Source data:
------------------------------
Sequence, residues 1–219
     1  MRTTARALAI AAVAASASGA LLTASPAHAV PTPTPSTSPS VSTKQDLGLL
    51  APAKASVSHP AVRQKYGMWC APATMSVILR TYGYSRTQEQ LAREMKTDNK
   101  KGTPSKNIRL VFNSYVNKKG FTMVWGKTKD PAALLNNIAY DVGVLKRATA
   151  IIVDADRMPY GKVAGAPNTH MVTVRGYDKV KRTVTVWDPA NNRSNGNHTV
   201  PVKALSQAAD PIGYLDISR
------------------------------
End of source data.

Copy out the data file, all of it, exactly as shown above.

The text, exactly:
Sequence, residues 1–219
     1  MRTTARALAI AAVAASASGA LLTASPAHAV PTPTPSTSPS VSTKQDLGLL
    51  APAKASVSHP AVRQKYGMWC APATMSVILR TYGYSRTQEQ LAREMKTDNK
   101  KGTPSKNIRL VFNSYVNKKG FTMVWGKTKD PAALLNNIAY DVGVLKRATA
   151  IIVDADRMPY GKVAGAPNTH MVTVRGYDKV KRTVTVWDPA NNRSNGNHTV
   201  PVKALSQAAD PIGYLDISR